Los ríos profundos (Deep Rivers), by José María Arguedas, narrates the learning process of Ernesto, a fourteen-year-old boy, who has to face the injustices of the adult world in which he must choose a future. Ernesto is the son of a wandering lawyer, always persecuted by political enemies. He finds protection in an indigenous community until his father takes him and moves him from town to town. Finally, he takes him to a boarding school in Abancay, in a religious college. From that moment he describes memories of the past- of the various indigenous villages- and stages of his life in school, whose atmosphere is grim and often disgusting. The development of the argument goes through the evocation of the pre-boarding period until his awareness as an adult. Ernesto must choose between the Landowners and the Andean world. The ambivalent personality of the protagonist, his real belonging to the class of the whites and his identification with the indigenous culture, make the story one of the most heartbreaking withing Latin American Literature. The author’s style makes excellent use of language and intertwines the two worlds by translating and aesthetically recreating the peculiar speech of the Indian into Spanish. This, in turn, demonstrates the skill of Arguedas as a skilled narrator and justifies its place of reference among the most important Latin American writers.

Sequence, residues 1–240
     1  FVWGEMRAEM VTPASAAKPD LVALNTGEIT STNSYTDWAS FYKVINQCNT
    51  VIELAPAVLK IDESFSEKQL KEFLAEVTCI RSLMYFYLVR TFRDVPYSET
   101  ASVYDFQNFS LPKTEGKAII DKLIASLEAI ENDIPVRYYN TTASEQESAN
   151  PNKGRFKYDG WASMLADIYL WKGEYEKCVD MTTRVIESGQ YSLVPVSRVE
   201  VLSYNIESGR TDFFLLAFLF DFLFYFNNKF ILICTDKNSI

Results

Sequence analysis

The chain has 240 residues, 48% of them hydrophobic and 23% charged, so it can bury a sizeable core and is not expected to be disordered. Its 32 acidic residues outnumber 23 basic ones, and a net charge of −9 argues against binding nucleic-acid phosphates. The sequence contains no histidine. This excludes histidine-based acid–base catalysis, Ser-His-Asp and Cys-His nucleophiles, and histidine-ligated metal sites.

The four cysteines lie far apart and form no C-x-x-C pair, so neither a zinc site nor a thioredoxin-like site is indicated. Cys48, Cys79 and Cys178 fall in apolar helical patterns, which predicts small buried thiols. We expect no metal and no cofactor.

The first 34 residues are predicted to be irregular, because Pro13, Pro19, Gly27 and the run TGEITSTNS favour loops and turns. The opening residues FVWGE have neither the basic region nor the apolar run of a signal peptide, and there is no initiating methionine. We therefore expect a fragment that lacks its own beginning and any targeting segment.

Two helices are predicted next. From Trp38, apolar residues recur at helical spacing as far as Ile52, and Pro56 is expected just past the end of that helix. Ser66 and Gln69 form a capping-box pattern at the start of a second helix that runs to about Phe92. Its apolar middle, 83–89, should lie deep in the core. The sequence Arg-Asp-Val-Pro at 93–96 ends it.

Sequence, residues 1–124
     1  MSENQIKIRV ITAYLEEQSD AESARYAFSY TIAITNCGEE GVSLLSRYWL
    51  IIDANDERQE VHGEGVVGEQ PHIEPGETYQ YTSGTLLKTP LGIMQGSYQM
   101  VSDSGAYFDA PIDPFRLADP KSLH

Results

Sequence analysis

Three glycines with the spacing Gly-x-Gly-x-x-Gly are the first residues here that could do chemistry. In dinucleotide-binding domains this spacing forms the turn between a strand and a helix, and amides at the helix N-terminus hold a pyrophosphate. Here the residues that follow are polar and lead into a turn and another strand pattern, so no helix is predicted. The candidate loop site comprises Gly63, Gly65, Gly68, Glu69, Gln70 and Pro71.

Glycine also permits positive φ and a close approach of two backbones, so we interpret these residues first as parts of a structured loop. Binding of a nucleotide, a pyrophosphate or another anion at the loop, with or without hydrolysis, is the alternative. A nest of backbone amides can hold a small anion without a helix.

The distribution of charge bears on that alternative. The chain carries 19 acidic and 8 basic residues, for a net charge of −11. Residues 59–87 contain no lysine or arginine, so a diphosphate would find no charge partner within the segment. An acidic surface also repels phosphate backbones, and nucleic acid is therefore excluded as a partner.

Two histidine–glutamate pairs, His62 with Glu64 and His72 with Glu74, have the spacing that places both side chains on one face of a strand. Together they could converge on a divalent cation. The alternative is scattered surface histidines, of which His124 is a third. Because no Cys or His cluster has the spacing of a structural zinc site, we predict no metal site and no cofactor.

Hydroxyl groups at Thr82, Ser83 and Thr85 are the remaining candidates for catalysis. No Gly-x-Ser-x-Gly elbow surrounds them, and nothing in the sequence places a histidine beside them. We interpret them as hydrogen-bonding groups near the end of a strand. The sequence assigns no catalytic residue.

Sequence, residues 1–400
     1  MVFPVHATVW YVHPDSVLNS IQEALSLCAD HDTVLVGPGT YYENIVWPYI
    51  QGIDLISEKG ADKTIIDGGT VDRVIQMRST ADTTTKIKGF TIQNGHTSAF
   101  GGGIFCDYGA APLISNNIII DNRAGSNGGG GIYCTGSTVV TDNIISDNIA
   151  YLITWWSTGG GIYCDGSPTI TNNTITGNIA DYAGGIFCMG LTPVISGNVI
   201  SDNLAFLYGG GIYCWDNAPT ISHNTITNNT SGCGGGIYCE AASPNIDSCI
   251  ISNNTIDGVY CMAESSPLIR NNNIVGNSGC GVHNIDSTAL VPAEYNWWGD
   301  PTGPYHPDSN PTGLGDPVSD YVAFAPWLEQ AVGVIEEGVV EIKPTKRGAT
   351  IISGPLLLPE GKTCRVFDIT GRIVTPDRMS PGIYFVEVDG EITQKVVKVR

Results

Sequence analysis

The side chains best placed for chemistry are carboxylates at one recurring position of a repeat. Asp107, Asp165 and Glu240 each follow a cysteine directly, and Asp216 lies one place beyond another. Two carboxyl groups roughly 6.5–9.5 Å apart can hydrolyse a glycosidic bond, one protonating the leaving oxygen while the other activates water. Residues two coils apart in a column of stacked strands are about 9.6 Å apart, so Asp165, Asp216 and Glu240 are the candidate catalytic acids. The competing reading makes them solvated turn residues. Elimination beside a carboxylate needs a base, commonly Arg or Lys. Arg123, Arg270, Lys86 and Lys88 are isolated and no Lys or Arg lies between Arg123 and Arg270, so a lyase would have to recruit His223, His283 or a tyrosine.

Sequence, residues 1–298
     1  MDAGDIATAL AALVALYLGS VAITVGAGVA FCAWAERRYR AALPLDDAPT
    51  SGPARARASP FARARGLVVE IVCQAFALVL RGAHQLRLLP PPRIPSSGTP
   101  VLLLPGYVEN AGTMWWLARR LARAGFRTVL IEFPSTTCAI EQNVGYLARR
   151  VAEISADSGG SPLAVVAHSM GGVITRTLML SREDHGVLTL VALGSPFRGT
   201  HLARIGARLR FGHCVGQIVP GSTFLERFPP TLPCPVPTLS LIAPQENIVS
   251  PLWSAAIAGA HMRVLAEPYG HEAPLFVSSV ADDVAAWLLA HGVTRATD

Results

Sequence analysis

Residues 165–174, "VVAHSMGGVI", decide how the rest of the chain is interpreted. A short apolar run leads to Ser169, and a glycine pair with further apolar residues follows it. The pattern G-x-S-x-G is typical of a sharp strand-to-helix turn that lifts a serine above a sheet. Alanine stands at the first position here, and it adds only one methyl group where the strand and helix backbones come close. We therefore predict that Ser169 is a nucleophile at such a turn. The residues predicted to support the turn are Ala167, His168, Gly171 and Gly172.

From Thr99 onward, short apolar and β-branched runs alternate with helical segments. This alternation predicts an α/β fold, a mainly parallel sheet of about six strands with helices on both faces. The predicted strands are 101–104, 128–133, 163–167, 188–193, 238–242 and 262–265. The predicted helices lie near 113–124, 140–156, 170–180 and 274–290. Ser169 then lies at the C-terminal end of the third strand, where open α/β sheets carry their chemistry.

Deep Rivers is the third novel by the Peruvian writer José María Arguedas. Published by Editorial Losada in Buenos Aires (1958), it received the National Prize for the Promotion of Culture «Ricardo Palma» in Peru and was a finalist in the United States for the William Faulkner Prize (1963).
Reference edition: Biblioteca Ayacucho.